Showcase Music Magazine - Betty In Black
May 1997

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By Nort Johnson

Heart & Soul Records had to move up the release date for the new BETTY IN BLACK CD COOL BREEZE AND THE CADILLAC FISH HEADS, due to unexpected early demand in Baltimore, the band's hometown. The album was released in Baltimore and in other East Coast markets on April 11, and Nationally April 22 as the newest addition to Heart & Soul's INDEPENDENT EXCELLENCE SERIES. COOL BREEZE AND THE CADILLAC FISH HEADS is the third effort by Betty In Black, but the first to be internationally distributed. The band is an extremely energetic funk-alternative act. Their live show, like the new album, effortlessly mixes funk rhythms, alternative guitar voicings in thirty-one flavors of electric and acoustic, and the hip-hop-next-step work of singer Mike Semies.

The Band

Heart & Soul Director of Marketing John P. Spain found Betty at a showcase during the 1996 NAIRD (National Association of Independent Record Distributors & Manufacturers) Convention, and immediately arranged a meeting with the band. Their discussions led to the band's decision to complete tracking for their new album in Baltimore with engineer, co-producer and old partner-in-crime Drew Mazurek, and then to travel to Chicago's Acoustic Cafe to mix the album with producer John Nevin. While the band was in Chicago, Heart & Soul continued working on them to arrange for the release of the record through the Independent Excellence Series. The label finally prevailed, convincing Betty that a Heart & Soul contract would not only give them the opportunity to work with a national-release label, but that it would also afford them the freedom to maintain control over their own musical choices.

Heart & Soul had intended the project for May 1997 release, but as promo copies of the album became available in Baltimore, the band's shows in the market became progressively crazier. Kirk McEwen, morning drive at 98 ROCK in Baltimore (WIYY 97.9), did a feature on the act in late January that only added to the heat, so Heart & Soul decided to arrange to move the release up, as well as advancing the timetable for the band's East Coast support tour.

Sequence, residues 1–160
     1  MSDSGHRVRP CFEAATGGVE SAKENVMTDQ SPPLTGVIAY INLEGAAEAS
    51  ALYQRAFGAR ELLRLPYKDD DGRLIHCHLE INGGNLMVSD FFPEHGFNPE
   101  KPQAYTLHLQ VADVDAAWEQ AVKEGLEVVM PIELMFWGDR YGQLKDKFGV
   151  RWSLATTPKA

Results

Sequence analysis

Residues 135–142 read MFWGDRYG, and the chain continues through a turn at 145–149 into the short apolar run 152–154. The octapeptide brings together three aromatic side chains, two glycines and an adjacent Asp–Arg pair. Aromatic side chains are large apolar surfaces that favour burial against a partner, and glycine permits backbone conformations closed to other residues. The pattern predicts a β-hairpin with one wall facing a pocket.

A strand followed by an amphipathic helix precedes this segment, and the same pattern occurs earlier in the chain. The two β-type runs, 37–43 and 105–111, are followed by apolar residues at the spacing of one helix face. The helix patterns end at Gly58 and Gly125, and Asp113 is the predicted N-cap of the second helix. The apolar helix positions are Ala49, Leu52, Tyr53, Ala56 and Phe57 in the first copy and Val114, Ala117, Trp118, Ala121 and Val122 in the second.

Heart & Soul Records is an Independent label here in Chicago. They have managed to keep their heads above water for close to ten years now, however, they have swallowed a few mouthfuls over the years. With the recent signing of Baltimore's BETTY IN BLACK Heart & Soul is again ready to set sail. Heart & Soul has continuously been one of the hardest working Independent labels in the country. Their marketing strategies have out scored the Major labels numerous times with charting positions, radio play and media coverage and Marketing Director, John P. Spain has pulled more rabbits out of his hat than Houdini.

With all this success you would think Heart & Soul would have sold a million or more records, unfortunately this is not the case. I spoke with Heart & Soul's Marketing Director, John P. Spain about the label's past experiences and the signing of, in my own opinion, the best act they have ever had.

"Making a record is the fun part, artists have to understand that there is a long road ahead of them and the road is littered with more than just mines. There is a hell of a lot of work to do to in order to be somewhat successful and if you really want the big things that you say you don't, be prepared to check your egos at the door and lace up the working boots.